When the UK’s first Covid-19 victim died on March 5, 2020, there were only 116 infections recorded in the country and few people estimated a death toll of 100,000.
But for government planners it was different. Emergency response experts charged with “mortality management” were bracing for a death toll they feared eclipsing anything seen since World War II. As the death toll rose in China and Italy, the worst-case scenario for the UK was so grim that a project put in place involved the storage of thousands of bodies in a warehouse in east London.
Another was to anchor a ship in the Thames and load it with containers suitable for holding body racks, said a senior official who worked on the plans as part of London’s “Gold Command” at the Guardian. “It was incredibly scary,” they said.
In Birmingham plans were drawn up for a mortuary in an airport hangar, in Glasgow a warehouse in an industrial estate was prepared and in Cardiff the Welsh government began to find space to contain bodies amid the fears of a death toll of 20,000 in the worst case.
Pre-prepared disaster plans to deal with pandemics, natural disasters and terrorist attacks show London had 3,500 mortuary spaces. But the capital has prepared for the virus with 12,000 additional burial places. If the cemeteries could not cope, the bodies would be frozen pending their final incarceration. Dozens of bodies were planned to be transported between storage locations in trucks at a time, the official said, a practice that risks misidentifying or even losing the dead.
There were times when the system seemed to be straining. Body bags ran out at one point and their price increased tenfold, forcing the armed forces to give up some of their reserves for battle losses.
Officials said they were grappling with unforeseen hardships, such as a backlog of bodies from the Greek Orthodox community whose families wanted them buried in Greece. This was not possible because the flights were blocked.
In April, trench pits were dug in east London at the Muslim cemetery of Eternal Gardens in Kemnal Park, south-east London, in response to high death rates and a religious mandate to bury the bodies within 24 hours. It was a shocking but rare sight and in the end the mortuary, burial and cremation facilities were stretched rather than submerged. Neither the London ship nor its warehouse was needed and the country faced the practical realities of a death toll 19% higher than the average for the previous decade. He is now being asked to respond again as officials once again deal with a sharp rise in deaths.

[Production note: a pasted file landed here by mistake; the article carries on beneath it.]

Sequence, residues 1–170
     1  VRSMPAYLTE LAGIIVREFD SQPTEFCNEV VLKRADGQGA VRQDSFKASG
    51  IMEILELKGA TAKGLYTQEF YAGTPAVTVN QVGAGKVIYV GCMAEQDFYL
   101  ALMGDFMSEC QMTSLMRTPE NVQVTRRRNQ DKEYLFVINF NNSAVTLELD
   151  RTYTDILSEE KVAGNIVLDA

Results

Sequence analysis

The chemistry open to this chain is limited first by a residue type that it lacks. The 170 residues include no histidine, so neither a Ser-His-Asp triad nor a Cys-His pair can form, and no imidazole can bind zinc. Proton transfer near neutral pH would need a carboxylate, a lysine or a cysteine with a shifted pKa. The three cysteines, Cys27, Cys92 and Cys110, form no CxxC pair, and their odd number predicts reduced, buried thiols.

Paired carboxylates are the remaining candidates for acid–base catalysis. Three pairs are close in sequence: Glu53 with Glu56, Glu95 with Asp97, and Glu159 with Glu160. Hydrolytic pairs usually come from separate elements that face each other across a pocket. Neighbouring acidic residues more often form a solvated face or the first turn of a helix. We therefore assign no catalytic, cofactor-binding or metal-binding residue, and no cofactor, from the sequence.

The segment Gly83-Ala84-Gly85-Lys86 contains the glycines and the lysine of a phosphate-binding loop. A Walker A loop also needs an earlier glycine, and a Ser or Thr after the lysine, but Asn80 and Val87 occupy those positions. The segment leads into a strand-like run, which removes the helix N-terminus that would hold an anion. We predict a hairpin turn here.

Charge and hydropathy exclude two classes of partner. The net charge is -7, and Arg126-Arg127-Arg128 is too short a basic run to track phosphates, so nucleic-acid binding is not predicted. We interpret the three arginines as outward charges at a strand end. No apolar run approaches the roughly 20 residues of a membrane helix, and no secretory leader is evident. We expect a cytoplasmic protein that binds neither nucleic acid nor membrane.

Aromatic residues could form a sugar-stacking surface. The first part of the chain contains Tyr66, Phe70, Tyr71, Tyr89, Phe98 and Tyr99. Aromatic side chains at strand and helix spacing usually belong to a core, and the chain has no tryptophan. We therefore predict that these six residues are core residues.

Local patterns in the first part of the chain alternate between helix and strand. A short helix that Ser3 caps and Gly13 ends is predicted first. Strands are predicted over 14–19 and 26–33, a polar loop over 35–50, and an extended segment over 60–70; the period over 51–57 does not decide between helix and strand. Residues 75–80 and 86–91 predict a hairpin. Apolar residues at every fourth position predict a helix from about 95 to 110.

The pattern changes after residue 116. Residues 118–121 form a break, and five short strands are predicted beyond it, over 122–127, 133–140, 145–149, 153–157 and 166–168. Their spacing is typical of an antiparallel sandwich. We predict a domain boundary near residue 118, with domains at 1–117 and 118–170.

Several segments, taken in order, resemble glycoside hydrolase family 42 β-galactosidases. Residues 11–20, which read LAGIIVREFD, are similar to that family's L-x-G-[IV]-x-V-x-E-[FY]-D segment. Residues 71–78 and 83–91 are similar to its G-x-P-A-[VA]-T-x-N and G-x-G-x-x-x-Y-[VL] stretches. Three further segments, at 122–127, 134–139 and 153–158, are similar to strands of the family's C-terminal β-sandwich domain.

A temporary morgue with a capacity of 672 bodies, and more if needed, is being prepared at the Breakspear Crematorium in Hillingdon, north London, as planners in Kent, Surrey and Lincolnshire have started stockpiling the bodies in temporary marquees to create space in crowded hospital morgues. In November, Lancashire County Council erected a temporary storage unit for 210 bodies at a business park near Leyland, although it has yet to be used. In Birmingham, where Handsworth Cemetery filled up after the first wave of coronavirus deaths, Muslim plots running out the fastest, burials are being redirected to open plots at Sutton New Hall on the north end. east of town.
Coroner’s courts, which conduct essential death inquiries, are also late, in part because the law requires coroners to be present in court for an inquest to be conducted and many have been closed due to Covid- 19. In cases where inquiries are necessary, families cannot receive death certificates until they are concluded.
“The lockdown has meant that many inquests have had to be adjourned or postponed,” said Mark Lucraft QC, who until last fall was the chief coroner for England and Wales, in an annual report . He also said that many jury inquiries, necessary for the more complex cases, were also on hold. Lucraft called for a change in the law to allow coroners to conduct inquests remotely and allow fully virtual hearings.
If death management systems are certain to be strong, those who run them may have more difficulty. “Having gone through phase one and knowing we can cope with it, the biggest worry this time around is whether our workers get sick and have to self-isolate,” said Julie Dunk, CEO of the Institute of Cemetery and Crematorium Management.
The severe restrictions on funeral arrangements had an emotional impact not only on the mourners but also on the staff, she said, including those working on the cremation machines which were used so much more than this required increased maintenance.
“It was really tough,” Dunk said. “Our sector is benevolent. No one works in cemeteries and crematoria for money because there is none. People do it because they care about the bereaved and want to provide the best possible service. The numbers were limited and it was awful.
A third of all Covid-19 cremations have been performed without anyone other than crematorium officials, according to a Sun Life Insurance study released this week.
Funeral homes are also grappling with staff absences, said Jon Levett, executive director of the National Association of Funeral Directors. “It is starting to sound very difficult,” he says. “The other thing is that the numbers over the next few weeks will only increase because we haven’t reached the top. There are concerns about what may be to come in the coming weeks. ”